Taking it Easy
Pelling, Sikkim Travel Blog› entry 32 of 36 › view all entries
After a 5 hour journey by jeep from Darjeeling I found myself in Gangtok, the capital of the small North Eastern state of Sikkim. The town was not so great, not helped by the low cloud and drizzle. After a comfortable night I arranged a further 4 & 1/2 hour jeep journey to the small town of Pelling, towards the Nepal border.
Jeep journeys are required because the roads, although generally pretty smooth, are full of hairpin bends as they snake up and down the valleys and mountain passes. With up to 10 people crammed into each vehicle they are not necessarily comfortable affairs, though they do allow plenty of time to catch up on reading, and I am well behind with my book reviews!
Pelling is a lovely little town perched high on the mountain side facing north, affording fantastic views of the Himalaya when the conditions allow. On my first morning the sight of Khangchendzonga (8,598m, the world's 3rd highest mountain), Kabru (7,338m), Pamdim (6,691m) and Narsis (5,825m) was truely spectacular.
I hardly saw another western face in Sikkim, indeed I felt a little like a giant as I stood well above the locals, a mix of Tibetans, Nepalese and Indians. I spent my brief time here trekking and reading, visting the Pemayangtse Gompa, a Buddhist Gompa founded in 1705 - a wonderful Tibetan affair with 167 monks - and the ruins of the old capital of Sikkim at Rabdentse, as well as the local market at the small town on Geyzing, where a host of the most bizarre items were available.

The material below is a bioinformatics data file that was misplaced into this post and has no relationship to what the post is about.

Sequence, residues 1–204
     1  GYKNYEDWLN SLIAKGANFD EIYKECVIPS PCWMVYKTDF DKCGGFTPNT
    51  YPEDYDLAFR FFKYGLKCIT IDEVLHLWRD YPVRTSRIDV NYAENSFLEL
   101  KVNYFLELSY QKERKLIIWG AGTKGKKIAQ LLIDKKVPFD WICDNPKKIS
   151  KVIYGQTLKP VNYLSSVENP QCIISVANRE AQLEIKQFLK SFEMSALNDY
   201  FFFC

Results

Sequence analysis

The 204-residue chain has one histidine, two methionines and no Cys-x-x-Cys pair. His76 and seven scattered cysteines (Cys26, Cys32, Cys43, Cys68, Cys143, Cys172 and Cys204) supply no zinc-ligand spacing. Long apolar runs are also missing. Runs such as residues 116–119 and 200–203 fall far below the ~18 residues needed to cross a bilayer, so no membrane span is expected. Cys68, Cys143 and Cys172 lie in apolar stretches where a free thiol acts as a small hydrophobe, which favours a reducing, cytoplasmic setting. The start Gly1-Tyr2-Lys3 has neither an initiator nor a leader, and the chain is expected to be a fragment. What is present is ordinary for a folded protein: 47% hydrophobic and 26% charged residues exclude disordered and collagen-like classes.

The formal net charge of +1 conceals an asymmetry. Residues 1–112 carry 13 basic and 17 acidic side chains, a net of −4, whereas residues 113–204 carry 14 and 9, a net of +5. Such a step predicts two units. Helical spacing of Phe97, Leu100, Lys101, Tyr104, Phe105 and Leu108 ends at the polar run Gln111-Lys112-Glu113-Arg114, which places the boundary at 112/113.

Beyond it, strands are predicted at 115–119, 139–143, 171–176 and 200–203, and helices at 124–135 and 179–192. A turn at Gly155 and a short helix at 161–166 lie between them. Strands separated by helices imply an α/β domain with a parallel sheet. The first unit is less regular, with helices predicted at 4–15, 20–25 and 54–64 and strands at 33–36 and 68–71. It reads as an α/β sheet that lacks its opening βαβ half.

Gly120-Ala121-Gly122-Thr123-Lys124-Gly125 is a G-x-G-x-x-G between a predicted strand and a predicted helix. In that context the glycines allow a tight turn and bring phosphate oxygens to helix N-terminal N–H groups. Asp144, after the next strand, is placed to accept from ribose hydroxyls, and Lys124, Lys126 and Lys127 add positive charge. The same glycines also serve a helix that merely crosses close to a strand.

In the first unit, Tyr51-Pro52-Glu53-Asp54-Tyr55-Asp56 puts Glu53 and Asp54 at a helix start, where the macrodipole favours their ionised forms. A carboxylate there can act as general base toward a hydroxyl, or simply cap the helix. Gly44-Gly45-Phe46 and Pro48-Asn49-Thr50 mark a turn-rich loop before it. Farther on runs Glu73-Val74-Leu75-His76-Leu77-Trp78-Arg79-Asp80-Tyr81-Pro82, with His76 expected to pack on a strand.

From Sikkim I headed back to Siliguri in West Bengal, a rather grotty town but with the airport at Bagdogra only 12 kms away the ideal jumping point back to Delhi where I was to hook up with some of the old India gang.
John LeCarre - Tinker, Tailor, Soldier, Spy
My first foray into LeCarre and definately not my last, a fantastic spy thriller. A far more intriguing insight to the world of espionage than anything Stella Rimmington had to say. Smiley is a wonderful character, I can't wait to catch up with him again soon.
Steven D Levitt & Stephen J Dubner - Freakonomics
Freakstatics more like! As an economist of sorts I feel vaguely able to state that this is not the economics that I was taught. However, for whatever it may be, an interesting read in parts, though dropping ionto the absurd at times, but enough to keep one going.